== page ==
The I.C.C. represents hope for victims of atrocities and sends a message that no one is above the law. That hope and message will be undermined if the African Union condemns the court because it has charged an African head of state. The African Union should not abandon its promise to fight impunity. Unless indicted war criminals are held to account, regardless of their rank, others tempted to emulate them will not be deterred, and African people will suffer.
But with so much scorn and a suspect arrested for only one of its outstanding warrants -- former Congo rebel commander Jean-Pierre Bemba Gombo -- the ICC needs help if it is to accomplish its mission of discouraging impunity. Even if no one withdraws (and Chile joined this week), few governments have thus far been willing to take much actionon the ICC's behalf. For now, it remains stuck with limited funding and no enforcement mechanism.
To preserve the ICC's relevance, the trial of Gombo will need to go very well, and some sort of progress will be needed on the Bashir case. What are the odds either of these will happen?
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Human Rights Watch has issued a statement asking for the removing of contentious proposals in a draft bill before the Rwandan parliament. Health and human rights director Joe Amon said that if enacted, the law would require the forced sterilization of mentally disabled persons, mandatory HIV/AIDS testing for couples who plan to wed, for married individuals at his or her spouse's request, and for children or incapacitated persons for whom it is deemed "necessary" without their consent. He said:
While Rwanda has made notable progress in fighting stigma and responding to the AIDS epidemic, and has pledged to advance the rights of persons with disability, forced sterilization and mandatory HIV testing do not contribute to those goals. These elements of the bill undermine reproductive health goals and undo decades of work to ensure respect for reproductive rights.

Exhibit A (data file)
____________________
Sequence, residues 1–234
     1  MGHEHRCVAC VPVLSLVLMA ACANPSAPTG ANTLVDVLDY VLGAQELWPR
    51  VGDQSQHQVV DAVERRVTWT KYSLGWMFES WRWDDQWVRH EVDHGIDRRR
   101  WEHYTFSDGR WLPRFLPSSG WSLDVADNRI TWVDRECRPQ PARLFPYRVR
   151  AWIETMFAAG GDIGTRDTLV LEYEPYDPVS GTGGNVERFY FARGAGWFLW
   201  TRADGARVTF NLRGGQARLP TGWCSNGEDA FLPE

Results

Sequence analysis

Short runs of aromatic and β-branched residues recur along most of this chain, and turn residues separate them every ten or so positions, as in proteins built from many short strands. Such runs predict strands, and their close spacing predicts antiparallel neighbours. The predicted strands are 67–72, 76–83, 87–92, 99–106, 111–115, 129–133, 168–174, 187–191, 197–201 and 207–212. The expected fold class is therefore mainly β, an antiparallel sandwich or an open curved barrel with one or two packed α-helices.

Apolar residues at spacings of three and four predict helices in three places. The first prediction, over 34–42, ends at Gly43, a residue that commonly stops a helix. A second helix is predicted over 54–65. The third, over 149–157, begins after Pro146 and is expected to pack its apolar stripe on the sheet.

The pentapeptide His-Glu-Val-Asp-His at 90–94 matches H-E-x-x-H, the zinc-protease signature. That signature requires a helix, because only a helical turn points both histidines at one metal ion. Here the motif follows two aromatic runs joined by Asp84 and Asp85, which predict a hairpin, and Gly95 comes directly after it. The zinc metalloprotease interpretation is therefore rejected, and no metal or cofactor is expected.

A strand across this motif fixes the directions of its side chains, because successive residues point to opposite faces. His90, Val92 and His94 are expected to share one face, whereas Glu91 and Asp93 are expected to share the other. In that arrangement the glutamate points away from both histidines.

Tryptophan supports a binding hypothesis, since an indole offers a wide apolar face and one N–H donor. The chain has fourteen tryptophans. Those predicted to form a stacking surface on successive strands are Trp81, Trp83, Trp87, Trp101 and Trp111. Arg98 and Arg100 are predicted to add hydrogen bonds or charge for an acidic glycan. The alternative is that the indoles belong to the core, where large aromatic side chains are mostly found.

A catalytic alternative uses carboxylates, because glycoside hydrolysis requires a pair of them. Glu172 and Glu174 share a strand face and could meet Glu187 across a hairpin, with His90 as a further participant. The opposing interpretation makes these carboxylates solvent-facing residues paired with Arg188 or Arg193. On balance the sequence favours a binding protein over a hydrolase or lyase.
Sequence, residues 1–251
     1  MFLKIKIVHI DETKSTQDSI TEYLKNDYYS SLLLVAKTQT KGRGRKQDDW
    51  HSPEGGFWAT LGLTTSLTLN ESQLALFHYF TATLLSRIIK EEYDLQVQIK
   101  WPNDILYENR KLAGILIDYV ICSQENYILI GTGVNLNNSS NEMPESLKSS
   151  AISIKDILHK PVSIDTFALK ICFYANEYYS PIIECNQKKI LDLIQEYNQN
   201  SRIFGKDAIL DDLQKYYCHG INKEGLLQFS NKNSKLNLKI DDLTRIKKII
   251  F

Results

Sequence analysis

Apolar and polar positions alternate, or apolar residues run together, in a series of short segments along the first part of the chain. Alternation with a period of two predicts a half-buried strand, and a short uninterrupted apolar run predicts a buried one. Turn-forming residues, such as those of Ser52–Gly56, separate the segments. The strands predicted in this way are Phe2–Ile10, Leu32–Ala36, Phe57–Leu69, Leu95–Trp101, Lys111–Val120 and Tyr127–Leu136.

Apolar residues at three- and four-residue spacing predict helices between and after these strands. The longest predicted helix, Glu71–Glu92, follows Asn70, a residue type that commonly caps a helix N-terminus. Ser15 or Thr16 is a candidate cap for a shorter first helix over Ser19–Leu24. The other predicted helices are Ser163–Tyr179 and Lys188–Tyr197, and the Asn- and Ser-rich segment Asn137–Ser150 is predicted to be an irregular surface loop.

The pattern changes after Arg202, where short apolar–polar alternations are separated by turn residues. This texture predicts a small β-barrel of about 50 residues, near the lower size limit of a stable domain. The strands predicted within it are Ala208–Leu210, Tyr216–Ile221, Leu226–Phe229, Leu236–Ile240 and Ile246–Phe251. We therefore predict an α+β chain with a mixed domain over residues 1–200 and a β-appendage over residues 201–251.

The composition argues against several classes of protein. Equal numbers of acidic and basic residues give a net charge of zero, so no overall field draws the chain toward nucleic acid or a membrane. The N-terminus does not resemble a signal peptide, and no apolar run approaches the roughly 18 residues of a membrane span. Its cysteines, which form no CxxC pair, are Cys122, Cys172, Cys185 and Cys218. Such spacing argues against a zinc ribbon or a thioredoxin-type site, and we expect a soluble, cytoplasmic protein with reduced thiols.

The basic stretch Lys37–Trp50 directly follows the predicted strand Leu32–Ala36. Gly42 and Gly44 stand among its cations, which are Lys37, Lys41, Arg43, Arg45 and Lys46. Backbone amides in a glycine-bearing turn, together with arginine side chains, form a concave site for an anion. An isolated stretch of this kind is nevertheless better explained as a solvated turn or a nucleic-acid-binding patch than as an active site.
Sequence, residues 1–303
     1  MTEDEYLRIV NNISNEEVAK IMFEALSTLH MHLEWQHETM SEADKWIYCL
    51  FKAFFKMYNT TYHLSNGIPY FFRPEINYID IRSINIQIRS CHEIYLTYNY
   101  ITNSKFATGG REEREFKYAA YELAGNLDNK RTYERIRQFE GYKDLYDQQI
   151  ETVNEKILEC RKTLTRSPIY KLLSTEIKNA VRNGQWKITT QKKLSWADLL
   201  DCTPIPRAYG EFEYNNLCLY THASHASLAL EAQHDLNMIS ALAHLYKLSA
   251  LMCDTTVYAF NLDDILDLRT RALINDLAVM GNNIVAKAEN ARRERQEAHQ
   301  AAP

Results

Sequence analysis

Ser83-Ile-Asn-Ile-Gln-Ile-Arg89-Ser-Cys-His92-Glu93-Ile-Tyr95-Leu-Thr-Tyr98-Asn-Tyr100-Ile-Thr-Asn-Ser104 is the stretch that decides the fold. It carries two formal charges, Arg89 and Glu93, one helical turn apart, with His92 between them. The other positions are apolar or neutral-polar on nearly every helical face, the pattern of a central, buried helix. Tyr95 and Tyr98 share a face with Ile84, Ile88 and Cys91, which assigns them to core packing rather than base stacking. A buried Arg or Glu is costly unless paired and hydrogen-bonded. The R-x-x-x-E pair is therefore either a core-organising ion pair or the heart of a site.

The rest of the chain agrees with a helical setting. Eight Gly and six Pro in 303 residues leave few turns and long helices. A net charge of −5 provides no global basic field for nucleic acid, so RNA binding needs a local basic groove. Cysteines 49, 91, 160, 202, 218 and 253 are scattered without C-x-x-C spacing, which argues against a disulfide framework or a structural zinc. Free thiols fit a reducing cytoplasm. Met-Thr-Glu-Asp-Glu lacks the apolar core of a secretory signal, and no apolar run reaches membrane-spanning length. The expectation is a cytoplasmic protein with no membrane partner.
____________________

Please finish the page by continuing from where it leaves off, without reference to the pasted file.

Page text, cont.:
In recent years Rwanda has made not simply strides but rather leaps in combating HIV/AIDS. UNAIDS figures reveal a dramatic drop in national adult HIV prevalence, from nine percent in 1990 to a little under three percent in 2007.
Essentially, Rwanda's efforts to curb the spread of HIV/AIDS need to be decoupled from any attempts at compulsory sterilization or testing. If undertaken in a widespread manner or as part of systematic practice as the bill intends, forced sterilization is regarded as a crime against humanity by the Rome Statute of the International Criminal Court to which Rwanda is party. Rwanda has also signed and ratified the UN Convention on the Rights of Persons with Disabilities and its Optional Protocol as of December 15, 2008.
Deputy speaker of the Rwandan parliament Damascene Ntawukuriryayo has subsequently denied the existence of the bill.
Brent Stirton/Getty images
With euphoria about the magic of Twitter starting to wear off, analysis of Iran is turning toward what will actually happen to the regime.Two key questions are: 1) Will the security forces unflinchingly support the regime? and 2) When (if ever) will they shoot at demonstrators?
Unsurprisingly ahead in the first line of questioning, National Interest editor Nikolas Gvosdev wrote yesterday about what he has not heard out of Iran, essentially, information about the things that actually matter for revolution: police defections, army sympathies, behind-the-scenes talks, and economic impacts.
Protests are the energy behind any “color revolution” but what makes them successful in the end is when the security services say they will be neutral and key elites negotiate the terms of change—as happened in Georgia and Ukraine and Lebanon.
As Neil McFarquhar reported in the New York Times, very little has emerged so far about potential divisions in the security services. And, as FP blogger Stephen Walt wrote after reading the NYT article:
If the Basij, Revolutionary Guards, and other security elements remain willing to follow orders -- and that seems to be the case so far -- then Iran's current leaders will remain in charge.